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Actress Lupita Nyong’o (pictured) is certainly living proof of the popular phrase “Black is beautiful”! On Wednesday, People Magazine announced that their most-coveted award, “Most Beautiful” person, has gone to the first-time Oscar winner and the Kenyan stunner could not be happier.

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Nyong’o, who has been royally feted since taking home an Academy Award for Best Supporting Actress this year for her riveting performance in the film “12 Years a Slave,” was born in Mexico but raised in Kenya.  The 31-year-old admitted to People Magazine that her perception of beauty was initially skewed, because she — like so many other Black women — was assaulted with images portraying the “ideal woman” as someone who is White with long flowing locks, “Light skin and long, flowing, straight hair,” she said. “Subconsciously you start to appreciate those things more than what you possess.”

The young performer credits her mother, Dorothy, for helping her to not subscribe to the unrealistic and detrimental media ideal of beauty.  Nyong’o told People that her mom “always said I was beautiful.”  But the road to getting to truly appreciate her beauty was not an easy one to travel. When Nyong’o was honored in February at the Black Women in Hollywood luncheon, she gave a speech where she discussed being “teased and taunted for her night-shaded skin.” She also expressed that her complexion “had always been an obstacle to overcome.”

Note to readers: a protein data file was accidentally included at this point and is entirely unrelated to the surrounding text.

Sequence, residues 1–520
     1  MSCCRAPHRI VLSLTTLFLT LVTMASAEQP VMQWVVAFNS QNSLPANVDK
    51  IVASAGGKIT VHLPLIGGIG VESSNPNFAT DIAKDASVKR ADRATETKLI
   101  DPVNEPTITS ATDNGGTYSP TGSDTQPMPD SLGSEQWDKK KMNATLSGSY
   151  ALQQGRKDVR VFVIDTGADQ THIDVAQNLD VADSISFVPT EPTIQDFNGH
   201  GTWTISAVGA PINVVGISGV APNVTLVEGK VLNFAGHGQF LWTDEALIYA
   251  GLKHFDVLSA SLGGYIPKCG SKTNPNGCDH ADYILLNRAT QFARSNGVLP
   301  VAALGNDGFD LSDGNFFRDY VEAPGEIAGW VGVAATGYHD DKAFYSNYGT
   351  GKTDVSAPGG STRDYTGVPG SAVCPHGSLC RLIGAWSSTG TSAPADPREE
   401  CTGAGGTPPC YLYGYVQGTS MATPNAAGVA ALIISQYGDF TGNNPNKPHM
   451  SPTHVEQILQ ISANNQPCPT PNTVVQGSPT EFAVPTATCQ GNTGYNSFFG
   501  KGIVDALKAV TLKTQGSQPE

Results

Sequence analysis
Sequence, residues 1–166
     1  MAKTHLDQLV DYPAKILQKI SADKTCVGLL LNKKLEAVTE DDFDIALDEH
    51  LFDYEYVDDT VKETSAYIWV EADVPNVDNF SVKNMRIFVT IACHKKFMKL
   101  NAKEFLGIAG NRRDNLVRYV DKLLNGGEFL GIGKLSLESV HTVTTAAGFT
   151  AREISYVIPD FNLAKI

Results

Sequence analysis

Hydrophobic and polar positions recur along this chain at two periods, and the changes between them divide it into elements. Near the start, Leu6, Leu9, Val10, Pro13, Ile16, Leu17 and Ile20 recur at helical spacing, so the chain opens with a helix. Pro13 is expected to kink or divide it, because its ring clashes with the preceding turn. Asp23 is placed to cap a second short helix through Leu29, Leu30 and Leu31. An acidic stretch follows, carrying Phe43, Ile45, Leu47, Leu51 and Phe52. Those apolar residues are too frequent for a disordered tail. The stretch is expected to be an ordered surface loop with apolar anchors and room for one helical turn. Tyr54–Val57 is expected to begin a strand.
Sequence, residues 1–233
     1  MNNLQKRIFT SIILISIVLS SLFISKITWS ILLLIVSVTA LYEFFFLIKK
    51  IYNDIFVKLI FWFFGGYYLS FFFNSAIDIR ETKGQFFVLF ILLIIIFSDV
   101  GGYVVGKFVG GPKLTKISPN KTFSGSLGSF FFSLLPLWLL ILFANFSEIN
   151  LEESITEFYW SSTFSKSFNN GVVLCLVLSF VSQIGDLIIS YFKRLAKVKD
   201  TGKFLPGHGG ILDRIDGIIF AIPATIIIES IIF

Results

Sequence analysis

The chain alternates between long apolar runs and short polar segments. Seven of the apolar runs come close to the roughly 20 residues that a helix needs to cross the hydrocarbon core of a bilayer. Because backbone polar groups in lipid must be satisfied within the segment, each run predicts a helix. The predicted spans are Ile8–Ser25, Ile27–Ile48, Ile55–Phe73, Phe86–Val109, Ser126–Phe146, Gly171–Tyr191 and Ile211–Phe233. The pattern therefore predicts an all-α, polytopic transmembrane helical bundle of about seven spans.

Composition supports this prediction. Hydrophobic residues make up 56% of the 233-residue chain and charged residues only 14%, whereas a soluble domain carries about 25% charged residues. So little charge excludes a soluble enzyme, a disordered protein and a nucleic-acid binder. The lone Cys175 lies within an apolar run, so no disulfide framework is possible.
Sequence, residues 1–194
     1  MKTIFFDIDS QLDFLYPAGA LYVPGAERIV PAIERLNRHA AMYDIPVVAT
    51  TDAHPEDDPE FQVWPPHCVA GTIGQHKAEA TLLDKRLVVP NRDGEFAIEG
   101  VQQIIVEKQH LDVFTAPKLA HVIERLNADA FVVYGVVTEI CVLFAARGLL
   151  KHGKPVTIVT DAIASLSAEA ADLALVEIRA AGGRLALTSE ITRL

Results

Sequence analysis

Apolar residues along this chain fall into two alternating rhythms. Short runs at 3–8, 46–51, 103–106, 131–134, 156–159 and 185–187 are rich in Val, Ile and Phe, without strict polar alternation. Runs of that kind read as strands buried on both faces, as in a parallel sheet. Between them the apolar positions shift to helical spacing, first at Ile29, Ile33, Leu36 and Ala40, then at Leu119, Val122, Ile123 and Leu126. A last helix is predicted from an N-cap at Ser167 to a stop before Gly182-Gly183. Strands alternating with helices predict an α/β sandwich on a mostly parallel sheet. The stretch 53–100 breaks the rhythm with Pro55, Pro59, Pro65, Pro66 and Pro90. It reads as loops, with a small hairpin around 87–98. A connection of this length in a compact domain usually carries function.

She also mentioned how she would pray to God that she would wake up with lighter skin, “I tried to negotiate with God: I told him I would stop stealing sugar cubes at night if he gave me what I wanted; I would listen to my mother’s every word and never lose my school sweater again if he just made me a little lighter, but I guess God was unimpressed with my bargaining chips because He never listened.”  

Dorothy’s supportive words, however, kept penetrating Nyong’o to the core until a lightbulb went off and her self-hatred came to an end.  “My mother again would say to me, ‘You can’t eat beauty. It doesn’t feed you.’ And these words plagued and bothered me; I didn’t really understand them until finally I realized that beauty was not a thing that I could acquire or consume, it was something that I just had to be.  And what my mother meant when she said you can’t eat beauty was that you can’t rely on how you look to sustain you. What does sustain us…what is fundamentally beautiful is compassion for yourself and for those around you. That kind of beauty enflames the heart and enchants the soul,” Nyong’o told those in attendance at the luncheon.

Now with an Oscar under her belt, the People Magazine cover nod, the Lancôme ambassador, and offers from a slew of designers to don their clothing at red carpet events, Nyong’o has truly become a Black, beautiful, and powerful force to be reckoned with indeed.

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